Amino Acid Transporters: Roles for Nutrition, Signalling and Epigenetic Modifications in Embryonic Stem Cells and Their Progenitors

Abstract

Amino acids serve both to nourish and as signalling molecules in cells and, consequently, so do their biomembrane transporters. In fact, some of these transporters may initiate signalling while transporting an amino acid substrate rather than serving simply to transport a signalling molecule. Most amino acid transporters now appear to have been cloned, and virtually all the cloned transporters are listed in solute carrier tables for easy access online. The characteristics of the transporters as they are expressed normally in cells do not always correspond to the characteristics of cloned transporters, however, and their transport and signalling functions will likely continue to emerge long after all transporters have been identified. For example, amino acids are metabolised to products that regulate DNA and specific epigenetic histone modifications in embryonic stem cells in order to maintain their proliferation and pluripotency. Alterations in these histone modifications may be expressed in a transgenerational manner and include both intracellular and extracellular histone actions.

Key Concepts

  • At least 60 genes in 12 gene families encode amino acid transporters (see tables at http://slc.bioparadigms.org/).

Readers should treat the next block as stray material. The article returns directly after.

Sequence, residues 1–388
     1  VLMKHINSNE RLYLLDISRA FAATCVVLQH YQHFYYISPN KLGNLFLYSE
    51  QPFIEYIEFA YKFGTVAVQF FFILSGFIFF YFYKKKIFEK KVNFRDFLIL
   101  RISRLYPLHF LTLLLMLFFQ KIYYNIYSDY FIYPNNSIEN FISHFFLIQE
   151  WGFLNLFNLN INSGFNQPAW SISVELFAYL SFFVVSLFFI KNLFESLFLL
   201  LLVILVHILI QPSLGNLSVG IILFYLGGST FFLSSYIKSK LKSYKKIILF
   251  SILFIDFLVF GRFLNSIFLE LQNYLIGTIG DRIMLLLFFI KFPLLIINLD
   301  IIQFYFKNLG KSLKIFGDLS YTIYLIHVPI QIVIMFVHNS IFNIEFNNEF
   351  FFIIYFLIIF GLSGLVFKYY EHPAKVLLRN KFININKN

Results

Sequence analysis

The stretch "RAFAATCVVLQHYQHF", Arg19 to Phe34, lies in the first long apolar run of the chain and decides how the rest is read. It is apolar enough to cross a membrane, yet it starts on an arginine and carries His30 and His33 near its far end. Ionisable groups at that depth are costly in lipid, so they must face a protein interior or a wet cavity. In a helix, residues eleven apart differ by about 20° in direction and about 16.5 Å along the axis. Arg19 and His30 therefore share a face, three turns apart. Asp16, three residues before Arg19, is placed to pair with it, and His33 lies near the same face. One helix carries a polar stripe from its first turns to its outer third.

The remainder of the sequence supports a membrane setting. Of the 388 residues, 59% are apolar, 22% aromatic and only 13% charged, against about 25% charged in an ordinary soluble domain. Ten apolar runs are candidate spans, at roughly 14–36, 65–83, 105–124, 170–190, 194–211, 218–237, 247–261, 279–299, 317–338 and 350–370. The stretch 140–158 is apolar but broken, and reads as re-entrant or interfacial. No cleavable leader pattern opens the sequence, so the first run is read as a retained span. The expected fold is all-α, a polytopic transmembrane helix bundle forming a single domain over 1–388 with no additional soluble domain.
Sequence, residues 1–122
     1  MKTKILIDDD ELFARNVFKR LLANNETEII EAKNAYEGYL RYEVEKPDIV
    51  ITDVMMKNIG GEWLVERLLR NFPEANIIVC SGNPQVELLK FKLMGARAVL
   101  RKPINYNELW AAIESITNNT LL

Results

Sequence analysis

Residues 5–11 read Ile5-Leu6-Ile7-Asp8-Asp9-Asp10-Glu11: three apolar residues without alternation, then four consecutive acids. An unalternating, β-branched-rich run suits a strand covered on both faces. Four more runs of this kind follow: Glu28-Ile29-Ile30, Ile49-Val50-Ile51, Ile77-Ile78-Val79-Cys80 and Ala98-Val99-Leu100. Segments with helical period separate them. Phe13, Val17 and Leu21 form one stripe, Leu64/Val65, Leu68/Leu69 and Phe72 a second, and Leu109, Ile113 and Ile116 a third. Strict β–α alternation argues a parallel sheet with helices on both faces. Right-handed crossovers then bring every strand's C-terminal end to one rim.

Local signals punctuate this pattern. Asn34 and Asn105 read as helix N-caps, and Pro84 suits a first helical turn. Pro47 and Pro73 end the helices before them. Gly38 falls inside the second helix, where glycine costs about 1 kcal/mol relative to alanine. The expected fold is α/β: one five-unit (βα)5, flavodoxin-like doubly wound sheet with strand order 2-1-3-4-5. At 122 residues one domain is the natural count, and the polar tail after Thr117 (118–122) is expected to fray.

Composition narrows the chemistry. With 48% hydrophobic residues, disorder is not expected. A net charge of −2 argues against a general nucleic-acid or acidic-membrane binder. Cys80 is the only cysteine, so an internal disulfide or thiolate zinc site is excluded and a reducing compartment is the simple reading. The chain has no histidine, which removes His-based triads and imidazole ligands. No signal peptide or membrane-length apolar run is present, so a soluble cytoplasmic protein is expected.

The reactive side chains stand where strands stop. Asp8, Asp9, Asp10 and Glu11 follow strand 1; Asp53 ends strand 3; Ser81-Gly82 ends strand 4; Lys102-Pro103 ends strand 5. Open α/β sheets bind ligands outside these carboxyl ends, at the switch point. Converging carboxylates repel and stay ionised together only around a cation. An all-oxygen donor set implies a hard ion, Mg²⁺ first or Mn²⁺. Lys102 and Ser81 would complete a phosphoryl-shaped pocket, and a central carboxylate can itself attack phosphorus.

• An amino acid may be listed as a substrate for a cloned transporter in these tables even though its transport has not been studied in detail.
  • The characteristics of cloned amino acid transporters may not correspond to the ways they function in cellular physiology.
  • Embryonic stem cells and their progenitors require specific environmental amino acids to remain undifferentiated.
  • Metabolism of the required amino acids produce products that regulate DNA and specific epigenetic histone modifications needed to maintain stem cell proliferation and pluripotency.
  • Mouse embryonic stem cells take up the threonine they require via at least three obligate exchange amino acid transporters.
  • Human embryonic stem cells take up the methionine they need via amino acid transporter(s) that warrant full characterisation.
  • A maternal low protein diet during pre‐ and peri‐implantation development of embryos likely alters epigenetic DNA and histone modifications in embryonic stem progenitor cells.
  • These epigenetic DNA and histone alterations help to cause metabolic syndrome and related disorders, and they are likely transgenerational.
  • Extracellular as well as intracellular histone actions may influence transgenerational phenotype.

Keywords: amino acid transport systems; amino acid signalling; one‐carbon metabolism; blastocyst inner cell mass; embryonic stem cells; transgenerational epigenetic histone modification